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Swedish citizens would not want their government to mess around in their underwear. You would assume all hell would break loose if the government would tell them: you won’t get a new passport or other identification document unless you have become irreversibly infertile.

This is, how absurd it may seem, the reality for those Swedish citizens who are transgender.

Swedish transgender people who want to have their preferred gender recognized before the law, need to prove they are unable to procreate (Lagen om faststallelse av konstillhorighet i vissa fall (SFS 1972; 119)).

The Swedish law causes anguish for transgender people who choose not to have the required surgery, maybe out of a wish to one day become parents. Their identification documents do not match their gender identity and gender expression. This leads to frequent public humiliation, vulnerability to discrimination, and great difficulty finding or holding a job. There are many occasions where you need to show your identification document. Often transgender people are called to explain how it is possible that their official document (with male or female on it) does not match their appearance. It is not difficult to imagine what it feels like when you are waiting in line in the post office and the clerk demands an explanation: “But here it says you are a man, while I am looking at a woman. How is this possible?”

The Swedish transgender law stems from 1972 and is out of step with current international best practice and understandings of Swedish obligations under international human rights law.

In July 2009 Thomas Hammarberg, the commissioner for human rights of the Council of Europe, made the observation about the forced sterilization requirement that in reality the state prescribes medical treatment for legal purposes, “a requirement which clearly runs against principles of human rights and human dignity.” This was followed up in the extensive report on human rights for LGBT people in Europe that the commissioner published this summer. The commissioner there recommends Council of Europe's member states to do away with all physical requirements for people who want to change their legal gender.

In March 2010 the Committee of Ministers of the Council of Europe recommended to member states, including Sweden, that requirements, including changes of a physical nature, for legal recognition of a gender reassignment, should be reviewed in order to remove abusive elements. The Committee recommended that member states should take appropriate measures “to guarantee the full recognition of a person’s gender reassignment in all areas of life, in particular by making possible the change of name and gender in official documents in a quick, transparent and accessible way.”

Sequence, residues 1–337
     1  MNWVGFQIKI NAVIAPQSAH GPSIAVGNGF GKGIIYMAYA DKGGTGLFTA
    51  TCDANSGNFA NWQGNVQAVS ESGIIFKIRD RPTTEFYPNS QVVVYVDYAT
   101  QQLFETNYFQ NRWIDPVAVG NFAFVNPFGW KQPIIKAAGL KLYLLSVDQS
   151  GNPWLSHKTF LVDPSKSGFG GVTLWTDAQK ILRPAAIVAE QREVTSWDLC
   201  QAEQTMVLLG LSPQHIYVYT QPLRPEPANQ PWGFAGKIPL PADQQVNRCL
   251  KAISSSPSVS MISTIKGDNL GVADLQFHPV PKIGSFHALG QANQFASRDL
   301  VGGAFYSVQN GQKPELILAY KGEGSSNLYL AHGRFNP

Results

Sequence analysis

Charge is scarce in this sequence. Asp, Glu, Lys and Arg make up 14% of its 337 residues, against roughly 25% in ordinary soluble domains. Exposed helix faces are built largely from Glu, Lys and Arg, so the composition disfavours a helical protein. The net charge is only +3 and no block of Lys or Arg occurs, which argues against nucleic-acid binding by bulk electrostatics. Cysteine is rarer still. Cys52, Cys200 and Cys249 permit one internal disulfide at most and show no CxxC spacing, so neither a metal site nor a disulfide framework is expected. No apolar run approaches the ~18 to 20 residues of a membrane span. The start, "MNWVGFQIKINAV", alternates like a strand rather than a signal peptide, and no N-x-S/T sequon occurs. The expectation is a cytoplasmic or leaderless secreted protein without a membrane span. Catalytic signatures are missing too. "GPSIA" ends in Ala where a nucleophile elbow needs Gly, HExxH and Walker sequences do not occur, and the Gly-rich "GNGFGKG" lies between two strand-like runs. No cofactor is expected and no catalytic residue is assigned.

Several European countries like Portugal, the United Kingdom and Spain have already done away with the requirement of forced sterilization. Unfortunately this is not the case yet in all European countries, a part of the world that usually praises itself highly regarding respecting human rights. The Netherlands is another European country with a law similar to the Swedish one. In September 2011 Human Rights Watch published an 85-page report, “Controlling Bodies, Denying Identities: Human Rights Violations Against Trans People in the Netherlands” which advocated legal reform. The law should be amended to respect transgender people’s human rights by separating medical and legal questions for transgender people. Legal recognition of their gender identity should not be made conditional on any form of medical intervention, was the central thesis in the report. The Dutch government publicly acknowledged that its transgender law violates international human rights law and published a law proposal which does away with the forced sterilization requirement.

The Swedish government should follow the example of the group of enlightened countries. In revising the law, Sweden could be guided by the Yogyakarta Principles on the Application of International Human Rights Law in Relation to Sexual Orientation and Gender Identity. The Yogyakarta Principles encourage states to consider measures that allow all people to define their own gender identity.

On May 30, 2011, the Swedish National Board of Health and Welfare presented its proposal for a revision of the law on legal gender recognition to the Minister of Social Affairs, Goran Hagglund. Among other requirements the forced sterilization clause should be taken out and the procedure should be simplified. The proposal will give transgender people residing in Sweden the right to change their legal gender without having to undergo medical or surgical procedures.

The proposal has strong support. Vänsterpartiet, Miljöpartiet, Socialdemokraterna, Folkpartiet, Centern och Moderaterna are all in favor of changing the law in accordance with the proposal. Then why is this not yet reality? I presume that is because the party of Minister Göran Hägglund, Kristdemokraterna, is against the removal of the forced sterilization requirement  and is calling the shots in the government.

Minister Hagglund has not yet submitted a law proposal to the Swedish Riksdagen along the lines of the Board’s proposal.  But the other parties in the government have not acted either. It seems that they have so far put the stability of the government before the respect of human rights of transgender people.

And thus transgender people in Sweden are still faced with a government’s knife which cuts in their healthy bodies before allowing them a new passport. This bloody law should be revised immediately. Every day counts.


Boris Dittrich is the advocacy director of the Lesbian, Gay, Bisexual and Transgender Program at Human Rights Watch.

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